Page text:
Cancer patients face a myriad of psychosocial and practical issues. Especially challenging is the time from an initial diagnosis to the onset of treatment and patient navigation services are important to guide patients, especially underserved populations, through this maze of uncertainty. Here we report on the Pennsylvania Patient Navigator Demonstration Project (PaPND) designed to evaluate the acceptability, feasibility, and impact of a culturally and linguistically appropriate non-clinical navigator program. The development of the project, based on behavioral theory and community-based participatory research principles, is described. Forty-four cancer patients from diverse backgrounds participated, which included a baseline assessment, navigation services, and a four week and twelve week follow-up assessment. On average, participants experienced 1.8 barriers with transportation and insurance issues the most common barriers. The majority (56%) of the barriers required more than an hour of the navigator’s time to address, with insurance, transportation and caregiver/support issues requiring the most time. Overall patients were fairly satisfied with the navigation services. The findings showed improvement patient’s stress-related thoughts, cognition (understanding of their disease), expectancies and beliefs or values/goals, as well as self-efficacy of managing cancer related issues from the baseline to follow-up assessments. The evaluation results suggest that providing and connecting cancer patients to appropriate information to improve their understanding of their diagnosis and recommended treatments needs to be addressed, and where the integration of non-clinical and clinical navigation is essential. In addition, more attention to the assessment of psychosocial issues, such as the patients’ emotional worries, and more comprehensive training in these areas would enhance navigation programs.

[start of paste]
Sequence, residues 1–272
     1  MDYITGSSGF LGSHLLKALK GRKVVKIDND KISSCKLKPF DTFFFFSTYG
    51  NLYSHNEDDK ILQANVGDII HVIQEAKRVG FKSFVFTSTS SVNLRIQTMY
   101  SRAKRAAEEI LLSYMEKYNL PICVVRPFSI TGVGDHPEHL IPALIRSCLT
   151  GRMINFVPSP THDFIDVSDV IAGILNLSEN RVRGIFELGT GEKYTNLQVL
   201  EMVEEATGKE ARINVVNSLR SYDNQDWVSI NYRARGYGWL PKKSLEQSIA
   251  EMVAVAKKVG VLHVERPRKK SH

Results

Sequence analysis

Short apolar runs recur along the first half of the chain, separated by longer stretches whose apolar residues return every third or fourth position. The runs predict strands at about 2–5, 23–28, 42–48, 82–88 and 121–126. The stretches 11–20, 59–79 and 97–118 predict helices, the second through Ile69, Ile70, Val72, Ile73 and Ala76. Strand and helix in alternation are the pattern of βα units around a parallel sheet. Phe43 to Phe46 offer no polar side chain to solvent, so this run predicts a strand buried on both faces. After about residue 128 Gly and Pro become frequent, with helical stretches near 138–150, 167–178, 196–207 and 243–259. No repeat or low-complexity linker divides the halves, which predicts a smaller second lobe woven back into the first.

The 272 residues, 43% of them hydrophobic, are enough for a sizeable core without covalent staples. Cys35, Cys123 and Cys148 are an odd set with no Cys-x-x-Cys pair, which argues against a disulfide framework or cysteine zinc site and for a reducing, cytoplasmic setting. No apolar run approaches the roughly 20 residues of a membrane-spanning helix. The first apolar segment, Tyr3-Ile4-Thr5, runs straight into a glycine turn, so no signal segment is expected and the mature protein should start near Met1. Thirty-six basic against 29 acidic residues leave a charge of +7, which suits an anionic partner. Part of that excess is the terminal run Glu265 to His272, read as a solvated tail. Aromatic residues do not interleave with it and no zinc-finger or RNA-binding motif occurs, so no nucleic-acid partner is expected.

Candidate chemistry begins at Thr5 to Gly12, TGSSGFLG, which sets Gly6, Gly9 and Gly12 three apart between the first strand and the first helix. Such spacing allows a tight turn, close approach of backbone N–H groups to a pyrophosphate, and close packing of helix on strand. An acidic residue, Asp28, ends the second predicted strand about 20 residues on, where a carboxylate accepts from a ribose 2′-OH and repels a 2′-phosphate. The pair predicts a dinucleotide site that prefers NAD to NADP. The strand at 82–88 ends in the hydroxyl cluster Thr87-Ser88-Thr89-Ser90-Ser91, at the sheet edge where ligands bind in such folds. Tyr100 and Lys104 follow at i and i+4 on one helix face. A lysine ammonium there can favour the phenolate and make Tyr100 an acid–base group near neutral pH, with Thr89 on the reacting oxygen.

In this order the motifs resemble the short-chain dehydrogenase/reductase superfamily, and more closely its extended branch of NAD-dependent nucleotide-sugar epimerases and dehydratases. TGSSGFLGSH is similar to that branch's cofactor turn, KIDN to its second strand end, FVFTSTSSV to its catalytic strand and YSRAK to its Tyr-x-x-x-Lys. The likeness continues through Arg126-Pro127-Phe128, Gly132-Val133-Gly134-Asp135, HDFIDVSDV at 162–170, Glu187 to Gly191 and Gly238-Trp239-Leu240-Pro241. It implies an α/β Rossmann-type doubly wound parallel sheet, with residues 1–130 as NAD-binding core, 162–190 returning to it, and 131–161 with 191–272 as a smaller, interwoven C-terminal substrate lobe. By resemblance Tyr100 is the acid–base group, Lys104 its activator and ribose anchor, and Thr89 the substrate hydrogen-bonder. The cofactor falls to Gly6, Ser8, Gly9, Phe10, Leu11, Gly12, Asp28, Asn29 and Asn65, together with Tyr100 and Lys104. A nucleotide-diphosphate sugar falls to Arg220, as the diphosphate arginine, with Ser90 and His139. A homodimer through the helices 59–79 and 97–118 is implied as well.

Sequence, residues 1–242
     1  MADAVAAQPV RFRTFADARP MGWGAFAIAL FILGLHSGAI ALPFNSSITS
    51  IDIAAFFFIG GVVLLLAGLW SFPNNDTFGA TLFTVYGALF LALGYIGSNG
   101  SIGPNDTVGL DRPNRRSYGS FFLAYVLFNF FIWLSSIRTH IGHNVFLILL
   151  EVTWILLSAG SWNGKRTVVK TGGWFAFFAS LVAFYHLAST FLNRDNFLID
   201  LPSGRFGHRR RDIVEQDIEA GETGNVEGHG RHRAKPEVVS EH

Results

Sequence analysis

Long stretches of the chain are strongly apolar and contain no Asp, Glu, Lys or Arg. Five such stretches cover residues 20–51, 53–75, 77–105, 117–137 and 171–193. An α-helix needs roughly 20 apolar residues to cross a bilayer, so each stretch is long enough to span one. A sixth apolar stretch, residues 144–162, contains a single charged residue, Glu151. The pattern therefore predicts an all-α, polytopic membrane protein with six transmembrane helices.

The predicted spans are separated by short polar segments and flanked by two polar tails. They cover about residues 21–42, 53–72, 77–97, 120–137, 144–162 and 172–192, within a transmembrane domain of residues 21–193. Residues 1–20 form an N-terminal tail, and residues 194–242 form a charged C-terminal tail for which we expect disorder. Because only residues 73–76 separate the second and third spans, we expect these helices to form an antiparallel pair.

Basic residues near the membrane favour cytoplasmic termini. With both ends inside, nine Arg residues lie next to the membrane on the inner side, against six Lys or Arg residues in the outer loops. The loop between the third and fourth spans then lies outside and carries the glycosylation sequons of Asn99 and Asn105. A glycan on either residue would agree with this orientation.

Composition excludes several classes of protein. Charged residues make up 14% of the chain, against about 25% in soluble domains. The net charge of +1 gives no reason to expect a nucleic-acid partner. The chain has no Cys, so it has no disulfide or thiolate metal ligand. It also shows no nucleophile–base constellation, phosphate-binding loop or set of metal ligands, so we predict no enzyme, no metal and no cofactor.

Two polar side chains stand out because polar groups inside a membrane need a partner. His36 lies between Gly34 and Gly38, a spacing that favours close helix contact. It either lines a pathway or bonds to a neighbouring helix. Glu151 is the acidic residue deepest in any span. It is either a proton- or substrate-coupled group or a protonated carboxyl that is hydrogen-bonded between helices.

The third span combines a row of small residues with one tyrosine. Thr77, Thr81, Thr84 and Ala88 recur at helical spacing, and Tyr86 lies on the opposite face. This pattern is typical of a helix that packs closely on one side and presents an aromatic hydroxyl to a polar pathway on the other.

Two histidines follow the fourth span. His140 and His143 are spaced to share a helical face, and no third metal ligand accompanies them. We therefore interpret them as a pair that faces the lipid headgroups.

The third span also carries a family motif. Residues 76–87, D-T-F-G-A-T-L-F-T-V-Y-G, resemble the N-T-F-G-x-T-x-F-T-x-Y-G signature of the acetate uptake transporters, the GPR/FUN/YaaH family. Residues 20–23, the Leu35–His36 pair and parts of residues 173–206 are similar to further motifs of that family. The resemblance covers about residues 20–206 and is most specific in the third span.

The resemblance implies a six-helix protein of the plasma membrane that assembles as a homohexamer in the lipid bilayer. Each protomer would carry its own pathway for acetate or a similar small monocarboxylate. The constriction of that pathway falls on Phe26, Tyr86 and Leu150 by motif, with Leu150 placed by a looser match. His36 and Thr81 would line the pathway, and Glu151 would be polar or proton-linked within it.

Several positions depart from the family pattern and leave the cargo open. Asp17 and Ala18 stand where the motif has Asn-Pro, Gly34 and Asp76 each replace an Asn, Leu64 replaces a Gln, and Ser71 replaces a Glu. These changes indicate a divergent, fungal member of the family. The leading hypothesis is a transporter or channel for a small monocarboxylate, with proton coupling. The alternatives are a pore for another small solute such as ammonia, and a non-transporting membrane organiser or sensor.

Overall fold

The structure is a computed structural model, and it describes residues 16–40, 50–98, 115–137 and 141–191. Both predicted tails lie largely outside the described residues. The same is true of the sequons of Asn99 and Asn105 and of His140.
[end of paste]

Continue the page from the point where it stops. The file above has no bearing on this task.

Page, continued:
cancer; non-clinical navigation; medically underserved; urban community; case management
Implementing and evaluating smoking cessation interventions in underserved populations has been found difficult due to high rates of non-adherence to the prescribed protocol. To understand better the barriers to cessation participation, we studied low-income inner-city pregnant women who were enrolled in either a standard or highly intensive quit smoking counseling program. The results showed that 1) in the prenatal phase, non-attendance was predicted by a greater number of cigarettes smoked per day; 2) in the postpartum follow-up phase, non-attendance was predicted by lower educational level and higher self-efficacy for quitting smoking; and 3) participants with more children living at home were at increased risk of rescheduling the postpartum follow-up session. These findings suggest that innovative delivery strategies are needed more effectively to assess and address risk factors for non-adherence to smoking cessation trials among underserved minority pregnant/postpartum smokers.
Smoking cessation; pregnancy; postpartum; counseling adherence; counseling retention; intervention delivery
This paper reviews factors associated with uptake of risk-reducing salpingo-oophorectomy by women at increased hereditary risk for ovarian cancer, as well as quality of life issues following surgery. Forty one research studies identified through PubMed and PsychInfo met inclusion criteria. Older age, having had children, a family history of ovarian cancer, a personal history of breast cancer, prophylactic mastectomy, and BRCA1/2 mutation carrier status increase the likelihood of undergoing surgery. Psychosocial variables predictive of surgery uptake include greater perceived risk of ovarian cancer and cancer-related anxiety. Most women report satisfaction with their decision to undergo surgery and both lower perceived ovarian cancer risk and less cancer-related anxiety as benefits. Hormonal deprivation is the main disadvantage reported, particularly by premenopausal women who are not on hormonal replacement therapy (HRT). The evidence is mixed regarding satisfaction with the level of information provided prior to surgery, although generally women report receiving insufficient information regarding the pros and cons of HRT. These findings indicate that when designing decision aids, demographic, medical history, and psychosocial variables need to be addressed in order to facilitate quality decision making.